Before heading off to meet my princess, I was tasked with picking up a Monster energy drink—she loves those things and knew it would be a long day. Unfortunately, it was cold and raining, and I had to ride my bike. On the way back, the can wouldn’t fit in my pocket or the cup holder, so I had to hold on to the freezing can while riding my bike in the cold and rain.
I arrived at my date’s house right as she got back from the salon. She proceeded to show me her “up-do” hair, complete with a red flower, and then described the “joys of a French manicure.” We went to lunch at a café, then got all dressed up in our formal clothes. Actually, I got dressed and waited around for an extra half hour for her to get dressed.
We headed to the school and took about two million pictures with various people I’ve never met. Then it was time for the Grand March. I honestly didn’t know what a Grand March was. I did manage a glimpse into the dark room, and I saw a basketball-court-sized miniature city, but it was dark, and I also noticed a set of bleachers overflowing with people and flashing cameras. When they opened the doors for couples to move in, most of the people stood there whining about not wanting to go first. My date and I managed to get to about sixth in line. I was glad because I looked back and the line was seemingly eight miles long. We walked to the various designated photo positions. We stood there hoping people were actually taking pictures and not laughing at us.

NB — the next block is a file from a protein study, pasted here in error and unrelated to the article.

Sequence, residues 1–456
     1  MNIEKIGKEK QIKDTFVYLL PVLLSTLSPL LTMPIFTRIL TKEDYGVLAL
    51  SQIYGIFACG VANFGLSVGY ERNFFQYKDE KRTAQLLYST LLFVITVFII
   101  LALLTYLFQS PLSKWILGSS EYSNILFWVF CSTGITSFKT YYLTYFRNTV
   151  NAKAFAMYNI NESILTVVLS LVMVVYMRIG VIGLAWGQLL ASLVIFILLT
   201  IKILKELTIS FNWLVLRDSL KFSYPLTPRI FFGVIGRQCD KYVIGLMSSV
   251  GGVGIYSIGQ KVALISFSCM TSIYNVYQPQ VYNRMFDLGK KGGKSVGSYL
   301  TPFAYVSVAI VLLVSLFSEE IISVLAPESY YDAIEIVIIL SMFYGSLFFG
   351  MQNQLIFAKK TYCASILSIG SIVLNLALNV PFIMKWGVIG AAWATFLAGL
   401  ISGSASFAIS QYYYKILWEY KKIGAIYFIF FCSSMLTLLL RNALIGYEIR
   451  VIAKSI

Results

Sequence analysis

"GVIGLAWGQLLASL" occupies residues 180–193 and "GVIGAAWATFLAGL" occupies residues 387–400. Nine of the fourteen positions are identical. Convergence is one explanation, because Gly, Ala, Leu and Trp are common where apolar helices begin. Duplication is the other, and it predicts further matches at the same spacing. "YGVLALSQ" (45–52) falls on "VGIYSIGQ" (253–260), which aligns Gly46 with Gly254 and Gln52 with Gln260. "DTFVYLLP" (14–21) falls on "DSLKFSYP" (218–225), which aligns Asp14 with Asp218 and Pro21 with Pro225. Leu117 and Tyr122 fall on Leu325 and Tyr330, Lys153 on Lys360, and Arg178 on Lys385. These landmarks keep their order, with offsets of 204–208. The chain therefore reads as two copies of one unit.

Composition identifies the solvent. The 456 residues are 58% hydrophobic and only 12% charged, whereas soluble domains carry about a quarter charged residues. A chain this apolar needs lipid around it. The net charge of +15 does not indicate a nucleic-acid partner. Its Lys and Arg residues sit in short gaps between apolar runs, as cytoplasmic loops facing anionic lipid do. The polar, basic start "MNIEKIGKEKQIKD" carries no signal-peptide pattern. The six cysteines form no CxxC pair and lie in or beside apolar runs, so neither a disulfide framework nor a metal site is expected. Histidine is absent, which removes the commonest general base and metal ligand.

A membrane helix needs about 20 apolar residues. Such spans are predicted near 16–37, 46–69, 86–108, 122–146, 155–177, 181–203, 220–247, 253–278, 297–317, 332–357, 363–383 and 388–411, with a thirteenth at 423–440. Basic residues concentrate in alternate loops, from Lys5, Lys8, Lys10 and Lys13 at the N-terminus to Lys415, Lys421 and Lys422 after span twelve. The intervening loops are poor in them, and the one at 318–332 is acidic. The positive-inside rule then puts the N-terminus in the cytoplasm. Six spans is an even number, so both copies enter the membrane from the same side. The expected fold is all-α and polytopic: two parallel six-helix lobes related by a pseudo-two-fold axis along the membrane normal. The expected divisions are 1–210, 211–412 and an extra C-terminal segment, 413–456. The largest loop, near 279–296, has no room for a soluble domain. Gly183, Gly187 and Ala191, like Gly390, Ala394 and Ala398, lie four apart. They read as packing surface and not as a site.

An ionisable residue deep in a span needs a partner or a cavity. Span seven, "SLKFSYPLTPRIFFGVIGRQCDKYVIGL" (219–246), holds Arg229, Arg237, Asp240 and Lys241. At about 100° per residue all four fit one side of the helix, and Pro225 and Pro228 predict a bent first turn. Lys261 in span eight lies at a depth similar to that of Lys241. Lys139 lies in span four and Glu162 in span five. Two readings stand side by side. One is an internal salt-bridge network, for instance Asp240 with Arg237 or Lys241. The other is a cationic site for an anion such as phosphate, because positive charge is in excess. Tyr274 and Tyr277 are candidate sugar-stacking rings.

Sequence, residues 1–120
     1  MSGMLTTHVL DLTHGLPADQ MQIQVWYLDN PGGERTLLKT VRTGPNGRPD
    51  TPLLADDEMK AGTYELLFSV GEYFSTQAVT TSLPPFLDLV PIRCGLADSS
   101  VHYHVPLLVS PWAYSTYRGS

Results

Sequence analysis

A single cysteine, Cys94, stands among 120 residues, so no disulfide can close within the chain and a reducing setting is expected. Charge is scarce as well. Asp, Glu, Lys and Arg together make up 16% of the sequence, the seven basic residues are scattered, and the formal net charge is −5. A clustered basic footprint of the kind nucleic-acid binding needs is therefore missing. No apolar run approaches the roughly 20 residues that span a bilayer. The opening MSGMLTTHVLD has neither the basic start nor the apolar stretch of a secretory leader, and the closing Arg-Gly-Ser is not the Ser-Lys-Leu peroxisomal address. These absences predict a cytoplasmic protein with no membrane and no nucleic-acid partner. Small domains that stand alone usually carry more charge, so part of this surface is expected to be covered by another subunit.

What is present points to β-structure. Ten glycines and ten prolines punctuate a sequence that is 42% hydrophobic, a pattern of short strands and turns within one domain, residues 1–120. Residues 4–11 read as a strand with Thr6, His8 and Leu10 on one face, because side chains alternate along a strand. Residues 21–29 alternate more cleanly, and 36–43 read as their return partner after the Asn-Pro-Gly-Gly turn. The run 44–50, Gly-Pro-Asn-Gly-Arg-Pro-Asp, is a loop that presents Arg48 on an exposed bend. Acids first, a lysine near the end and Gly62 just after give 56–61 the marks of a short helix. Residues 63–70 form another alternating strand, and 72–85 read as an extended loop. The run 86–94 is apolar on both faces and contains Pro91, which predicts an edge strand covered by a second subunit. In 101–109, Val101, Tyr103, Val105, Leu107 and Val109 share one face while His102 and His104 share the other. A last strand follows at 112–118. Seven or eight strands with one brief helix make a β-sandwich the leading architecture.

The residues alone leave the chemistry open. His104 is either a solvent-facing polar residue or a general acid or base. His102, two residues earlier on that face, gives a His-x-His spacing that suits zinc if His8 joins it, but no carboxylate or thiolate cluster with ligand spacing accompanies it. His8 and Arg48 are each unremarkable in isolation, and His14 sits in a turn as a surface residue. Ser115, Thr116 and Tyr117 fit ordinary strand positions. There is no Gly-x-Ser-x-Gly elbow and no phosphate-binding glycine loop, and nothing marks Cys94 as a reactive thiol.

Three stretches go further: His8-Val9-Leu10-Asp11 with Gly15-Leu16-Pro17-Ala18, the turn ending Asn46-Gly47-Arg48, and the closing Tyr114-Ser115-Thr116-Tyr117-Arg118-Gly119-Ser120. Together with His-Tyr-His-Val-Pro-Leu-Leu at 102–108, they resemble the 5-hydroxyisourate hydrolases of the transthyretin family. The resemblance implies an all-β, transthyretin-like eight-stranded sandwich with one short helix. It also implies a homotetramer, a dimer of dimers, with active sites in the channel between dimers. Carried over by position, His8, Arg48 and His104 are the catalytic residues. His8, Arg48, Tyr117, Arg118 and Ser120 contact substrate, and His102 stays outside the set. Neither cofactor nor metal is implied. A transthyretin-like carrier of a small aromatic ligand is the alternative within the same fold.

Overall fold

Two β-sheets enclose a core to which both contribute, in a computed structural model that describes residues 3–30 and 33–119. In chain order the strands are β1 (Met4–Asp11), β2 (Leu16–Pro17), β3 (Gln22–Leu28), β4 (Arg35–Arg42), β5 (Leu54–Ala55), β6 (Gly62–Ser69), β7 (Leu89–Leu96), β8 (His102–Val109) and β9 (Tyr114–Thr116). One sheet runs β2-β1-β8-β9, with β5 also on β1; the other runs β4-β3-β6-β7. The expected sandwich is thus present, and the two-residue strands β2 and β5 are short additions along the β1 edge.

Speaking of laughing at people, I don’t consider myself a good dancer, as I've said before. However, throughout the night I witnessed various people who appeared to be being electrocuted, shot with a BB gun, having a seizure and straddling a cow while swatting at invisible mosquitoes. The best was the line of eight people doing “the creep (hah)” while locking arms and marching straight through the crowded dance floor.
At one point, the DJ organized the crowd into a circle. For a long time no one was jumping into the center to dance. I thought about the parallel to kids not wanting to jump into the real world. Prom is the send off for seniors. The night had to end, and so does high school. I have mere days left there. At some point, I am going to have to make that transition to the real world.